OpenAI (2023). ChatGPT (Mar 14 version) [Large language model].”

Source: McAdoo, T. (2023, April 7). How to cite ChatGPT. APA Style. Retrieved at:

In addition, it will be necessary to disclose the use of these technologies in a statement.

The declaration on the use of generative AI does not apply if authors only use these technologies for checking grammar and spelling, or improve the language and readability of the manuscrip. Where authors use generative AI and AI-assisted technologies in the writing process, authors should only use these technologies to improve readability and lenguage.

Statement on the use of generative AI

Authors must disclose the use of generative AI and AI-assisted technologies in the research process by adding a statement at the end of their manuscript, before the References list. The statement should be placed in a section entitled ‘Statement on the use of generative AI ’. Authors must provide details like the model, version, date of use, and user’s name for thorough transparency. An example of a declaration on the use of generative AI and AI-assisted technologies is the following:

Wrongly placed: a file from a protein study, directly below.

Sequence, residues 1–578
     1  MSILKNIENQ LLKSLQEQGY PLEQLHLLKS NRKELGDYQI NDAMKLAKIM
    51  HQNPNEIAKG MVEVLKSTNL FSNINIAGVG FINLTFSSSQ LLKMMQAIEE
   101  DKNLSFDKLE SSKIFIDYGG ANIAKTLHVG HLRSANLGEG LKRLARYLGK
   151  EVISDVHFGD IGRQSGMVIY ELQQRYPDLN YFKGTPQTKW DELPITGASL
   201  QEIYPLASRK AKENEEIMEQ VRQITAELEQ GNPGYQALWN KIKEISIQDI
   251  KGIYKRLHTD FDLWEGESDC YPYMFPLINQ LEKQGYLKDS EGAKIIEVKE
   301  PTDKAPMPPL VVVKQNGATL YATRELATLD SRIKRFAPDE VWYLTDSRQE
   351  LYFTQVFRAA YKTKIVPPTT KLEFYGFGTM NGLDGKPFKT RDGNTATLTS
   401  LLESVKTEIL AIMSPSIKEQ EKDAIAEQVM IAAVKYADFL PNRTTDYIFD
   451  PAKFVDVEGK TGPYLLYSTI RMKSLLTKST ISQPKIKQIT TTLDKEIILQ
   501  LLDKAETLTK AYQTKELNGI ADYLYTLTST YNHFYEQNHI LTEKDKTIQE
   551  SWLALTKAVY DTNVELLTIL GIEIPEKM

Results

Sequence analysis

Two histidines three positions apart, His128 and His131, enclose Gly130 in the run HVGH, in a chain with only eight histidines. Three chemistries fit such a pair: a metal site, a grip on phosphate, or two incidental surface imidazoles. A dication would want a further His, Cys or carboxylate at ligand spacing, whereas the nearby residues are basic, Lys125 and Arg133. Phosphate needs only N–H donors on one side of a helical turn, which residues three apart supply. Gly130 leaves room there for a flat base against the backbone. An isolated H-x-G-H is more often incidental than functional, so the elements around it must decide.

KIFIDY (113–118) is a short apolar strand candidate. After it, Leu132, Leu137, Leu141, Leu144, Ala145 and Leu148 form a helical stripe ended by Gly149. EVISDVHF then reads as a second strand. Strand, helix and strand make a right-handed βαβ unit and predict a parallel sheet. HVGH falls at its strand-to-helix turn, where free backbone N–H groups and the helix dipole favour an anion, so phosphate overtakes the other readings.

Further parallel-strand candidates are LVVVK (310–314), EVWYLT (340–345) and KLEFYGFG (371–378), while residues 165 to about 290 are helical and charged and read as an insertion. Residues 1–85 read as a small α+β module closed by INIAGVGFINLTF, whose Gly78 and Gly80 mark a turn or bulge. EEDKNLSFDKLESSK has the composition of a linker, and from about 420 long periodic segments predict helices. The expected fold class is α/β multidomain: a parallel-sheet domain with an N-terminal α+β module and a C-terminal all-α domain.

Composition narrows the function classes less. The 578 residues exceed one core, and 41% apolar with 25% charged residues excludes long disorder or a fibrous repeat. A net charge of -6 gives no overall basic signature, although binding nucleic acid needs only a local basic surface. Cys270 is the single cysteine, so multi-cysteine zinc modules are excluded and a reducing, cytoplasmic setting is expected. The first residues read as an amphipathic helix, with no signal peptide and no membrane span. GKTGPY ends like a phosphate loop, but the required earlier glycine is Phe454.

Statement on the use of generative AI: During the preparation of this work the author(s) used [NAME TOOL / SERVICE] in order to [REASON]. After using this tool/service, the author(s) reviewed and edited the content as needed and take(s) full responsibility for the content of the publication.


Publishing ethics

Publishing ethics are guidelines for publishers, authors, editors, and reviewers. The issues go broader than research ethics and integrity, to include authorship, plagiarism, duplicate submissions or publication, competing interests, submissions from paper mills, use of artificial intelligence (AI), bias and breaches of confidentiality in peer review.

Conflicts of interest

EJFB requires that all authors, reviewers, and editors disclose any potential sources of confict of interest that could inappropriately influence (bias) their work. Any financial or otherwise interest as well as any personal, commercial or other relationships that might be perceived as influencing objectivity is considered a potential source of conflict of interest.

The existence of a conflict of interest does not preclude publication in this journal. However, authors must declare any conflicts of interest on submission. If there are no interests to declare, please write: 'Declaration of interest: none' in the 'Title page'.

Reviewers or editors who have a conflict of interest they feel will mak the aunable to provide an unbiased assessment of a manuscript should decline to review or edit it. Any conflict of interest for a reviewer or editor should be declared to the Editor-in-Chief.